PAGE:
China continues its “checkbook diplomacy”, boosted by no-strings-attached commitments to business. Thus the nation of some 1.36 billion has gained enough clout to continually dismiss the international arbitration court, which ruled last month that China’s territorial claim in the South China Sea was “baseless”.
However, although its charms lie beyond money, unfortunately China is dampening its own “soft power” when acting brazenly against neighbors, like bumping into our fishing boats, declaring “traditional” fishing grounds, while anyone’s ancestral claims in the seas could overlap those of others, as well as stating that it is continuing to build facilities and conduct military exercises to secure “peace” in the South China Sea.
The US may stand accused of double standards for bashing China over The Hague’s ruling, since it hasn’t even ratified the UN Convention of the Law of the Seas (UNCLOS).
But smaller nations, like Indonesia, look to UNCLOS and the international court to assert globally recognized rights over their surrounding waters.
China’s actions and rhetoric are provoking its neighbors’ resentful patriotism, leading to what they fear — the potential obstruction of China’s vast “New Silk Road” project; its “one belt one road” plan to cover highways, railways and industrial belts from northwest China to the rest of Central Asia, Europe, the Middle East and Russia.
This “21st century Maritime Silk Road” will link Chinese ports with Europe via the South China Sea and the Indian Ocean, and the South Pacific Ocean. The project map, covering some 40 nations, including Indonesia and much tense territory, shows why China is courting just about everyone possible.
China might be waging that its money and charms will win over allies while resisting US-led bullies — mainly to appease the domestic nationalistic audience, many of whom protested the July 12 ruling.
As the Chinese don’t act like pushy American and Western donors, their appeal indeed includes non-interference. But China’s soft power has also been its increasing credibility.
“The Chinese deliver”, said an editor during a media cooperation forum held just a few weeks after The Hague ruling by the People’s Daily, the mouthpiece of China’s Communist Party. Another said that, to the Nepalese, China was more reliable in realizing the long-awaited hydropower plants for Nepal’s energy than India.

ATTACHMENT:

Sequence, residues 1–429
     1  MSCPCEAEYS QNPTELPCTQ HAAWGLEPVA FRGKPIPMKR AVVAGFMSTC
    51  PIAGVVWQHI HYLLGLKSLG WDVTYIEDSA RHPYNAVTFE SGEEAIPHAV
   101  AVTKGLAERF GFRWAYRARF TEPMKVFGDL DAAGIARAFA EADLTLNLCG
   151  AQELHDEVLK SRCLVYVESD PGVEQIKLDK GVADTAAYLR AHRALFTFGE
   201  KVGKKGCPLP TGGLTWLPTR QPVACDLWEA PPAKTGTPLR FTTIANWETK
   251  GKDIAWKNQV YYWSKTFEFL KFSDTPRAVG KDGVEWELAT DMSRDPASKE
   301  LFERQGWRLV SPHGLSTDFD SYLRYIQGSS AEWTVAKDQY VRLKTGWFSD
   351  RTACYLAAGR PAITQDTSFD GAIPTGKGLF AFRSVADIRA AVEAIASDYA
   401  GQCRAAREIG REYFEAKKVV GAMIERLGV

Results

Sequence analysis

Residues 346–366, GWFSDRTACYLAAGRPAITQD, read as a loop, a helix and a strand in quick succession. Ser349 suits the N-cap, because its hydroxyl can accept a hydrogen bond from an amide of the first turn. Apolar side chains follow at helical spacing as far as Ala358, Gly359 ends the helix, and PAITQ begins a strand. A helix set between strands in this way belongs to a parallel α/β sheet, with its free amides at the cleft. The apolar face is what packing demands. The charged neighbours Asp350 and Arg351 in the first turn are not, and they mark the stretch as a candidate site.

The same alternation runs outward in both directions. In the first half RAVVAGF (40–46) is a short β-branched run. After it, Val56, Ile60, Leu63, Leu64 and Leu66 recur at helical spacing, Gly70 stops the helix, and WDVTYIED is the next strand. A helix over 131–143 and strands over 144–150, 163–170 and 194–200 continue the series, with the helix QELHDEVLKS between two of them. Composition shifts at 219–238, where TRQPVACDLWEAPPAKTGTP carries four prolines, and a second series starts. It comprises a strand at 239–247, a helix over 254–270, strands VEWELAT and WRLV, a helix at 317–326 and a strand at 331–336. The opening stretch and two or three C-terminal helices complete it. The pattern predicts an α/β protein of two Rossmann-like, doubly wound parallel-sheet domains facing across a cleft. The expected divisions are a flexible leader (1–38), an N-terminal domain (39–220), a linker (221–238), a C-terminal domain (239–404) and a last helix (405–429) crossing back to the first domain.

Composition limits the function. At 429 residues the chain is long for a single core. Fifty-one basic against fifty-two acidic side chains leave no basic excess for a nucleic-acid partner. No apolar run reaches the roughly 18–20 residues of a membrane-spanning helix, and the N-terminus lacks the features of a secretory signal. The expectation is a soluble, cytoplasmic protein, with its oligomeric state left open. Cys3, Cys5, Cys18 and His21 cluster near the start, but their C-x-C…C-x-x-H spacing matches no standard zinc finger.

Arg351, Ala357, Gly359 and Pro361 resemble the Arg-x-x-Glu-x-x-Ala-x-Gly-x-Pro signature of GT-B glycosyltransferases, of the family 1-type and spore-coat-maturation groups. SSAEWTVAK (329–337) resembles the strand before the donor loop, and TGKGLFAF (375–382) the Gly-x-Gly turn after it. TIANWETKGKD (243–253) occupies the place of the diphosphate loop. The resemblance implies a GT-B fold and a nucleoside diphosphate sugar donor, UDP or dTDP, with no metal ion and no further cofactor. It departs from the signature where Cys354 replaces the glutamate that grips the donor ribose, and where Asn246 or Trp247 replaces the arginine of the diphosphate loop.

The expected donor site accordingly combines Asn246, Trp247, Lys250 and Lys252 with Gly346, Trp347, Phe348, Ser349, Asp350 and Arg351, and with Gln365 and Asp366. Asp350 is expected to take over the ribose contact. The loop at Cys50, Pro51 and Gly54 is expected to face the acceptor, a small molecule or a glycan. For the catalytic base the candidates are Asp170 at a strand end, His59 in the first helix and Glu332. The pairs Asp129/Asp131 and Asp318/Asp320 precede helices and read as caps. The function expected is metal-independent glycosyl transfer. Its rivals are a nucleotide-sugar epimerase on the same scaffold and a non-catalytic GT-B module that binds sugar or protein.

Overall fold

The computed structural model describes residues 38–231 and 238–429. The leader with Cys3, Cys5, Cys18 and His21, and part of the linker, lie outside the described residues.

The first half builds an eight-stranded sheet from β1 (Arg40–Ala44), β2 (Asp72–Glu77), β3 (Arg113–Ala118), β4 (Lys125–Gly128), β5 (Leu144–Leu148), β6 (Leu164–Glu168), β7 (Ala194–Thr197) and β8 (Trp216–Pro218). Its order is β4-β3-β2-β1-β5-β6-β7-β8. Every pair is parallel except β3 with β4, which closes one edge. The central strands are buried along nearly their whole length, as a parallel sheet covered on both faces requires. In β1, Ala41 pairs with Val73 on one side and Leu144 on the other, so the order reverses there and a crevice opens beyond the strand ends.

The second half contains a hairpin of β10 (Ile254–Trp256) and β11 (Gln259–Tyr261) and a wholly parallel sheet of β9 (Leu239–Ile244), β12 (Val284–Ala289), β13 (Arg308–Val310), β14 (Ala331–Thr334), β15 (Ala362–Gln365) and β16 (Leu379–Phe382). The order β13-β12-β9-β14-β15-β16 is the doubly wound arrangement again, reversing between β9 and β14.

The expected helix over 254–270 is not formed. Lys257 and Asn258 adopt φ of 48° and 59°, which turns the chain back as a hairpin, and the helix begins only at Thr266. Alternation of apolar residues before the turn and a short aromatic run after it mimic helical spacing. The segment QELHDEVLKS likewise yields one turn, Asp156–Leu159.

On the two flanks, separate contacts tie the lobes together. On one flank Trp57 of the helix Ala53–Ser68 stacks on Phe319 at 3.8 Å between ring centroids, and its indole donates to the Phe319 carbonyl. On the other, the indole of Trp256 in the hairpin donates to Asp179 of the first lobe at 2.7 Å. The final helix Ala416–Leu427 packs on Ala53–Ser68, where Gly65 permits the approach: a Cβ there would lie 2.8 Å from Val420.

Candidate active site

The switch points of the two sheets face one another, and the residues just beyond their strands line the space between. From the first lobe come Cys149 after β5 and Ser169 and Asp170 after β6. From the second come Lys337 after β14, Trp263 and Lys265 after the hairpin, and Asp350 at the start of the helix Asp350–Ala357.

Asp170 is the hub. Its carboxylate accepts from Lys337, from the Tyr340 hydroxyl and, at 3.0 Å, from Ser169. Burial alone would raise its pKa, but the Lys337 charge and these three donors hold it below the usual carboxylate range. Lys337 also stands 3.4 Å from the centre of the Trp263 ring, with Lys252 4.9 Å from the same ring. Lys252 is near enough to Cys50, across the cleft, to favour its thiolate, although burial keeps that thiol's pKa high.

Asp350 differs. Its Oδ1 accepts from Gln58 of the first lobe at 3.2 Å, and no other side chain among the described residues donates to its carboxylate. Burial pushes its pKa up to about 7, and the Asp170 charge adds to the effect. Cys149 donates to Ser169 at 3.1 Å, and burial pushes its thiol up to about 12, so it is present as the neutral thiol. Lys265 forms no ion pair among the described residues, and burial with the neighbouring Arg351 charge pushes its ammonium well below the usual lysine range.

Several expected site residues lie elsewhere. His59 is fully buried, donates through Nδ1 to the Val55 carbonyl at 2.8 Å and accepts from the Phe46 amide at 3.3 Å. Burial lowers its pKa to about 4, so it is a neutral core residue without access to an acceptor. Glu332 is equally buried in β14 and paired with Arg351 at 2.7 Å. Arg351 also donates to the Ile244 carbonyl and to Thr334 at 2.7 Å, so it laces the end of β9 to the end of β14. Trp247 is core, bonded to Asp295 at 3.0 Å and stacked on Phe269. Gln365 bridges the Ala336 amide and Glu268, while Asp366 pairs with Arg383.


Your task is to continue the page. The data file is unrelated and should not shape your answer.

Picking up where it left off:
Second, the Chinese showed they were learning.
Embarrassing reports, like the Chinese restaurateur in New York who tried to bribe a health inspector, were declining, researchers said, as the Chinese seemed to try to adhere to the standards of the countries where they do business.
Third, China is shedding its copycat image — not only producing better fakes, as the tycoon Jack Ma boasted — but also becoming innovative. In Beijing we enjoyed heavily subsidized Uber fares, just until the local ride-hailing app Didi Chuxing took over.
The top social media app, WeChat, where the Chinese chat, shop, hail rides and conduct many other activities, recorded a phenomenal purchase of 32.1 billion virtual angpao, or red cash envelopes, during February’s Chinese New Year, reports said.
Chinese companies investing from west to east and winning over local consumers from foreign rivals, who rightly or wrongly complain of discrimination, are only part of China’s attraction.
Yet soft power needs sustained credibility. The Donald, for instance, has Trumped Uncle Sam’s preaching of democracy and human rights.
To stop ruining our own image and credibility, we first need to realize the problem. The People’s Daily editors invited input from Asian colleagues in a bid to forge “consensus”, apparently to better smoothen the “New Silk Road”.
Learning from Indonesia, the Chinese media can avoid repeating our mistakes in forging “harmony” under the New Order — so much so that we shocked ourselves when communal conflicts broke out. Thousands were killed; belatedly we realized simmering discontent in those “harmonious” lands, which might not have been exposed for fear of job losses and media shutdowns.
The media in many nations, including Indonesia, still face the challenge of honest reporting and the ability of sources speaking up without fear.
Beijing’s media gathering took place not long after the authorities reportedly blocked a news website that was often critical of the government. Even the People’s Daily editors said they often coaxed the government to understand that publishing bad news was inevitable; how long could one ignore angry parents with kids suffering from pollution?
The forum closed with agreements between the People’s Daily and media organizations from Egypt, Portugal, Spain, Kenya, as well as Reuters and others, particularly on content sharing on the “New Silk Road”. Sharing the project’s coverage could make more people aware of the potential, affordable access to new travel destinations and business opportunities, among other things.
But uncensored coverage should also help anticipate problems. The earlier controversy around the Jakarta-Bandung express railway, just a few hours’ drive with no need for the costly project awarded to China after Japan was sure it would get the job, was just one example of the issue of trust, of Indonesians toward their government and toward China.
But if China can better abide by regional sensitivities, Indonesia might be a more willing business partner — at least to gain better connectivity through part of Admiral Cheng Ho’s voyage around the archipelago.
The writer, a journalist with The Jakarta Post, was among speakers at the Media Cooperation Forum on Belt and Road in Beijing from July 25 to 27, following an invitation from the People’s Daily.